Michael Schumacher has again played down suggestions that he may be poised to bring the curtain down on his F1 career for the second time, insisting that he is looking no further forward than this weekend's Monaco Grand Prix.

The German is in the third and final year of his contract with Mercedes, and his lack of results has begun to see other names being linked with his seat. While sections of the media report that team principal Ross Brawn says the team needs to take the blame for limiting Schumacher's performance, the seven-time world champion continues to face questions about his future.

The German was present at last weekend's French MotoGP round, when reigning champion Casey Stoner stunned the paddock by announcing that he would be quitting the sport at the end of the season, but insisted that their reasons for stepping back were different.

"My feeling is that most of those who have a little bit of involvement [in the sport] were surprised [by Stoner's decision]," he admitted, "So was I, but then you have to respect that. I don't know his reasons - or his detailed reason - but he's young enough to have a sabbatical rather than a total stop.

"There's definitely no parallel to me; it's just that each one is very individual, why and for what reason he decides on his retirement. Mine, at the time, had nothing to do with any other reason than I wanted it to because I felt like I was tired, three years ago. That's it."

Despite suggesting that Stoner take a sabbatical - as his own 'retirement' proved to be - Schumacher was again forced to dismiss talk of his own future.

"So far, we're not focusing on what happens next year, or in the future," he told journalists at the Monaco Grand Prix, "It's more about what happens right now and the team and myself will get together, so there's no news for you yet, unfortunately. I don't really want to get involved in deep discussion other than what I just said, so let's leave it at that."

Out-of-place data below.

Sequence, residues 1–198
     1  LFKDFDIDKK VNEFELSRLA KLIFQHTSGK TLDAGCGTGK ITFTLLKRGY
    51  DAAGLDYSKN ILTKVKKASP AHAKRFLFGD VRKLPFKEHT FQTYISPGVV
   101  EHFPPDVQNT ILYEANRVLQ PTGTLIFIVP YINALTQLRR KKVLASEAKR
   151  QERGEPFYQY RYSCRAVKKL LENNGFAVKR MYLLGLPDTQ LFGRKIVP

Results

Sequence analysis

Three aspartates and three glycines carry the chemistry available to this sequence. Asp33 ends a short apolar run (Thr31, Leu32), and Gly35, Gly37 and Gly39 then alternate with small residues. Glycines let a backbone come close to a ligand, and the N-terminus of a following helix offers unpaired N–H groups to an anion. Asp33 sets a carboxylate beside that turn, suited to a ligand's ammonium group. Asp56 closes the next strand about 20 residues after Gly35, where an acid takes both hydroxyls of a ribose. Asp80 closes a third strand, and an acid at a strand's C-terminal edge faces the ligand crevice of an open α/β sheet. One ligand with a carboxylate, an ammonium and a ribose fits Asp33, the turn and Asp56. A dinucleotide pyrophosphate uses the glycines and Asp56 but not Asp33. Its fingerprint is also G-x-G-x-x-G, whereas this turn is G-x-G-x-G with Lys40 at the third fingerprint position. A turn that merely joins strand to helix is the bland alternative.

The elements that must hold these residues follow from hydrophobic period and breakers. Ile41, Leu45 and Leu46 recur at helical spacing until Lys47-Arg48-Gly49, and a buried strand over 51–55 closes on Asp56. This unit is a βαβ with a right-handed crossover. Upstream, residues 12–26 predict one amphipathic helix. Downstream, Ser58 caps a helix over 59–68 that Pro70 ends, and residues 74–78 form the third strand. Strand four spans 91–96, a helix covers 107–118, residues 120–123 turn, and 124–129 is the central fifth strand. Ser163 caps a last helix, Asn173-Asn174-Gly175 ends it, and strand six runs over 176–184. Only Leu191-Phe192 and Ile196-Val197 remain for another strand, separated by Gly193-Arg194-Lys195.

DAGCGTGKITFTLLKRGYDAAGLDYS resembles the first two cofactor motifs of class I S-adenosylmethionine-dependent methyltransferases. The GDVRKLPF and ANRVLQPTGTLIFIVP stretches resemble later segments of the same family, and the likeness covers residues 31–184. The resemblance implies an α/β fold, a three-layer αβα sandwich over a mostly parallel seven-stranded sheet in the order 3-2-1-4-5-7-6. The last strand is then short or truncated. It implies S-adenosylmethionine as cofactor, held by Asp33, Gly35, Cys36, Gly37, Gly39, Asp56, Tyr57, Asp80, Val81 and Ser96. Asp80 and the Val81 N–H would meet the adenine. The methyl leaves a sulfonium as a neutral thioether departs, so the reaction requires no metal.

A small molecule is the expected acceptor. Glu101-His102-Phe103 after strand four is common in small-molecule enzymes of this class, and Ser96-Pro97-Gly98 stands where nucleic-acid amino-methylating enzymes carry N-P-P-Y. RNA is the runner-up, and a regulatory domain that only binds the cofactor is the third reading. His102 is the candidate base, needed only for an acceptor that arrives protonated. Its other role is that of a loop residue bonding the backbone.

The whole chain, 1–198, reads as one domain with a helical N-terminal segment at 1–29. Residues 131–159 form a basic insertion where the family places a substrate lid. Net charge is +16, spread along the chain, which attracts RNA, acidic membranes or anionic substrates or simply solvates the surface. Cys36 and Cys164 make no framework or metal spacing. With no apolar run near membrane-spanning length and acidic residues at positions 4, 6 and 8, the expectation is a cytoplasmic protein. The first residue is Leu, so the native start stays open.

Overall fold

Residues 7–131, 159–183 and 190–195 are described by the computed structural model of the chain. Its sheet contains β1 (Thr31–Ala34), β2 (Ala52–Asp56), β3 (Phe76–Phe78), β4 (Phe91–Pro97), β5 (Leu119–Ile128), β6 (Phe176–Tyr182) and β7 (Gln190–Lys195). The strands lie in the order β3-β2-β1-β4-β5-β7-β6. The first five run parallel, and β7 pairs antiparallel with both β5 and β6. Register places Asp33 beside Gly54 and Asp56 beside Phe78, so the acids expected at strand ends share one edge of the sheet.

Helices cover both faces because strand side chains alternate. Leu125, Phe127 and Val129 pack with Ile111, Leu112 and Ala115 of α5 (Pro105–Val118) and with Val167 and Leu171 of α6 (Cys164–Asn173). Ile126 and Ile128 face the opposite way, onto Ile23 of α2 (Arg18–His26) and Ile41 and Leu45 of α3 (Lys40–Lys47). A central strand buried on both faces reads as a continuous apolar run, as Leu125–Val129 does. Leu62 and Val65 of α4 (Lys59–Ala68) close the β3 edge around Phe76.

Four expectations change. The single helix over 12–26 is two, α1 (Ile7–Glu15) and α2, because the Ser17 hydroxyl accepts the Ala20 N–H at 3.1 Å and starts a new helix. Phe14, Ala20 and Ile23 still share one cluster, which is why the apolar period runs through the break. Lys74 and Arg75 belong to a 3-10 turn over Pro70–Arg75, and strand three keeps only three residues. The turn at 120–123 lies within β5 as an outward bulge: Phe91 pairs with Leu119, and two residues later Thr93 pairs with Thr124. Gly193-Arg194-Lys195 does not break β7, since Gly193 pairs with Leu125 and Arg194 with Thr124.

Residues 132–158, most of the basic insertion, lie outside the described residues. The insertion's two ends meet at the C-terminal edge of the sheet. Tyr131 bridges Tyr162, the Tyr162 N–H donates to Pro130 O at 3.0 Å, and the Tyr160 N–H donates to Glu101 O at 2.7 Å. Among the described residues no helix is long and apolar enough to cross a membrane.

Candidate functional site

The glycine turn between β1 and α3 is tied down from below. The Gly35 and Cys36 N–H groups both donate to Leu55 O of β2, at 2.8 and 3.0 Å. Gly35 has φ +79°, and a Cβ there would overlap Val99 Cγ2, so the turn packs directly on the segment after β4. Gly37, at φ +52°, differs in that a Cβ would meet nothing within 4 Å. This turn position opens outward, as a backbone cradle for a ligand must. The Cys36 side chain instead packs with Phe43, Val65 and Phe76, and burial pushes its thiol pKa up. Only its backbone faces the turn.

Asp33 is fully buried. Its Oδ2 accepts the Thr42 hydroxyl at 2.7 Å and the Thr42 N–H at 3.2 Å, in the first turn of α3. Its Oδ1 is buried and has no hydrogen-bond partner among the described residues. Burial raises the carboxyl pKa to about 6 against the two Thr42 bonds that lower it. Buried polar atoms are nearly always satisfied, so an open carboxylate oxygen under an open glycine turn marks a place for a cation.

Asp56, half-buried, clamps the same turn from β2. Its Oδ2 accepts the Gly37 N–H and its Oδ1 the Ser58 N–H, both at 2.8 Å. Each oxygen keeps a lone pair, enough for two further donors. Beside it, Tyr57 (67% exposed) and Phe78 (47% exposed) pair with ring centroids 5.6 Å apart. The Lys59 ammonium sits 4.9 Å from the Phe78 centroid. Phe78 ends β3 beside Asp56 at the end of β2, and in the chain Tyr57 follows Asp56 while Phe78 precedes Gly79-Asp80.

The 43-year old also played down the reports of Brawn taking the blame for his lack of results in 2012, suggesting that Lady Luck had had more to do with his two-point haul from five races.

"I don't agree with maybe the translation of it, because I think we have quite a good car, quite honestly," he insisted, "If you think where we're coming from last year, we have made a huge step forward. We have proven that we are able to win races.

"Yes, I have been a bit on the unlucky side, but you see we're a team, we are one big family and we win together and we lose together, it's part of it. It's probably that that [Brawn] wants to talk about. But, no, I don't feel at all disappointed - if anything, it's the reverse. I'm more motivated because of how much progress we have made and I can see the future progress that we can make and that's what is much more in my focus."

Bad fortune will continue to dog Schumacher in Monaco, as the German starts with a five-place penalty for his involvement in a collision with Bruno Senna that ended both drivers' race in Spain a fortnight ago, but he believes that he can overcome the handicap, despite the Principality not being the most overtaking-friendly circuit on the schedule.

"I think we're going to be in a position to be competitive," Schumacher claimed, "As a general track profile, I think it's going to suit [us]. Indeed, I have been coming from the complete back and gone forward to fifth position, I think. Let's see from where I finally manage to qualify and start the race and what can be done.

"It is certainly not ideal, but it is what it is and I look forward to it. I'm going to have some excitement pretty certainly."